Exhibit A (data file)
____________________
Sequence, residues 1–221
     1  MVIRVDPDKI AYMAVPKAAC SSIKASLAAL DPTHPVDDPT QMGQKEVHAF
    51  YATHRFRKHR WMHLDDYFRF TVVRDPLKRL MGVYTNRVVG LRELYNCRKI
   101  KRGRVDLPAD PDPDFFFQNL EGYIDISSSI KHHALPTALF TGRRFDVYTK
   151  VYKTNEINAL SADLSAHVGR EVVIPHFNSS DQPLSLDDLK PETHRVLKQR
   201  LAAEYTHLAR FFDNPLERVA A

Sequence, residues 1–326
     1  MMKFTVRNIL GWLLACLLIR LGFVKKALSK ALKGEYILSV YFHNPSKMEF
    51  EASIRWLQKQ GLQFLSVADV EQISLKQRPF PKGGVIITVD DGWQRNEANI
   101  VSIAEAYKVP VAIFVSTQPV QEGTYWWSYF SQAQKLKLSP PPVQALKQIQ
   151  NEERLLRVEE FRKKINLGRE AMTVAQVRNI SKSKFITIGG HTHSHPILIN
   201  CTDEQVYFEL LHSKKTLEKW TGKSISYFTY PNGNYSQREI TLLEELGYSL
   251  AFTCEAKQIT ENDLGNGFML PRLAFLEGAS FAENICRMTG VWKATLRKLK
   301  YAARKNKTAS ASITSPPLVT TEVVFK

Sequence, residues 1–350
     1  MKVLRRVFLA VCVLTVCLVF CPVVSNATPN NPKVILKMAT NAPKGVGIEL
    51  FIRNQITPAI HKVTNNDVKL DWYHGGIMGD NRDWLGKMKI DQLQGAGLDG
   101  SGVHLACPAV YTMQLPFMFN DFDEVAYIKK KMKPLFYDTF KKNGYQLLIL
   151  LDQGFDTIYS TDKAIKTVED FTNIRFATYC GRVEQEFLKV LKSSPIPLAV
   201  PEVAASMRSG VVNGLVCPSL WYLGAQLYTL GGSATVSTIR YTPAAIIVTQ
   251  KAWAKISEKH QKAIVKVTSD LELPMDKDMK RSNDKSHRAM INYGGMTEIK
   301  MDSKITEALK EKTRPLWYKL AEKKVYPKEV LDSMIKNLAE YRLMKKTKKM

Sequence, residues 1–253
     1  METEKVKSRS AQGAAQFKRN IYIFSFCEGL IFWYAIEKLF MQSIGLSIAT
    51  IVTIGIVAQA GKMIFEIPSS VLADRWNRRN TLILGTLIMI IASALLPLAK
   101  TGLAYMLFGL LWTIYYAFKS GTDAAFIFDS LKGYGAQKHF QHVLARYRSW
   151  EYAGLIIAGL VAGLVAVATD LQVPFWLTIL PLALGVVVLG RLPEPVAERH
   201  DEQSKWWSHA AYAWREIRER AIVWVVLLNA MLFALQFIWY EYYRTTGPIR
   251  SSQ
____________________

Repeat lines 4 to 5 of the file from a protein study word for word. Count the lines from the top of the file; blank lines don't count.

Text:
   101  KRGRVDLPAD PDPDFFFQNL EGYIDISSSI KHHALPTALF TGRRFDVYTK
   151  VYKTNEINAL SADLSAHVGR EVVIPHFNSS DQPLSLDDLK PETHRVLKQR